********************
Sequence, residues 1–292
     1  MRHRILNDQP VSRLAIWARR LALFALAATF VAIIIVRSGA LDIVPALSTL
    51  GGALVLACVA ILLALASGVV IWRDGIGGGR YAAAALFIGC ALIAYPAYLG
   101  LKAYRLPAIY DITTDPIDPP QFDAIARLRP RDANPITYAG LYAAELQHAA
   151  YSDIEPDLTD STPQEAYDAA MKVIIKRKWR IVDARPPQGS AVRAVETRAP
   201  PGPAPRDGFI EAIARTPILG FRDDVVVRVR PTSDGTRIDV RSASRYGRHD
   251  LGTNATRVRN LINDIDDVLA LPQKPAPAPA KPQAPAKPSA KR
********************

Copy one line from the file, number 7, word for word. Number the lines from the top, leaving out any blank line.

   251  LGTNATRVRN LINDIDDVLA LPQKPAPAPA KPQAPAKPSA KR